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Researchers at New York University found that obesity is more common in adolescents with higher concentrations of urinary bisphenol A (BPA), a low-grade estrogen found in plastic bottles, food containers and most aluminum cans.
Studies have linked BPA to obesity, infertility, cardiovascular disease, breast cancer, prostate cancer, neurological disorders, diabetes and infertility -- though most have been limited to testing on rodents.
Still, the potential danger was enough that in 2010, Canada banned the use of BPA in baby bottles and children's sippy cups. A similar ban is in effect in the US.
But BPA still exists in many food and drink containers, as well as common household items like electronics and auto parts.
"This is the first association of an environmental chemical in childhood obesity in a large, nationally representative sample," lead investigator Dr. Leonardo Trasande said in a press release.
"Our findings further demonstrate the need for a broader paradigm in the way we think about the obesity epidemic. Unhealthy diet and lack of physical activity certainly contribute to increased fat mass, but the story clearly doesn't end there."
The study looked at 3,000 kids between the ages of six and 19, and controlled for factors like race, ethnicity, age, caregiver education, income, calorie intake and television watching. They found kids with high levels of BPA were more than 2.6 times as likely to be obese.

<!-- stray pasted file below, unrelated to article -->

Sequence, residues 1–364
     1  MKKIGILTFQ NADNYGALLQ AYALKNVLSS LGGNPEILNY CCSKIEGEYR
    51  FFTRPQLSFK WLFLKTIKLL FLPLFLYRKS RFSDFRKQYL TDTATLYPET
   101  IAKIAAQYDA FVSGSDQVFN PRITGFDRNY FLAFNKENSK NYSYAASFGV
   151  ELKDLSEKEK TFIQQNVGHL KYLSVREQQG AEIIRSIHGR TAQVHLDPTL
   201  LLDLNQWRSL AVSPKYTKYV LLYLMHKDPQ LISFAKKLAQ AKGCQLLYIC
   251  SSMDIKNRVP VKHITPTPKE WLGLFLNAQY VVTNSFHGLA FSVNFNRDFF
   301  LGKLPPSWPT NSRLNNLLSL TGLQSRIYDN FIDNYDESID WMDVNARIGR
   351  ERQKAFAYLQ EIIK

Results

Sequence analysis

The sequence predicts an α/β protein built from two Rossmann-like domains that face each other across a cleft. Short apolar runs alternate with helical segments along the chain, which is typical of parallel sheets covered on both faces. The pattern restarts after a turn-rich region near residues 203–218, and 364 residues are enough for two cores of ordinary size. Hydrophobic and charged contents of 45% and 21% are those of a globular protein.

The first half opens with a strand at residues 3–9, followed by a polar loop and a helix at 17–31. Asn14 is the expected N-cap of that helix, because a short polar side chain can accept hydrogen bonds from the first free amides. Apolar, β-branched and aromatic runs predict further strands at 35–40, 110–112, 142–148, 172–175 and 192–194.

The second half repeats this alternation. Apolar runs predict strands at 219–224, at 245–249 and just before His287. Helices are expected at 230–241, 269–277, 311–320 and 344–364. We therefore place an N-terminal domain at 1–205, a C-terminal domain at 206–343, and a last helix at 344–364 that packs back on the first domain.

Curiously, this association was only found in white children.
"We know of no dietary differences that would explain why white (children) would have a higher level of obesity," Trasande told QMI Agency. "Another explanation is there is a genetic predisposition that explains the finding."
Tresande said the ban for baby bottles and sippy cups isn't enough. Older children and teenagers continue to drink and eat from BPA-laden containers.
"Most people agree that the majority of BPA exposure comes from aluminum cans," he said. "Our results raise the question of exposure to BPA in consumer products used by older children."
The study will be published Wednesday in the Journal of the American Medical Association.
-- with files from Charles-Antoine Rouyer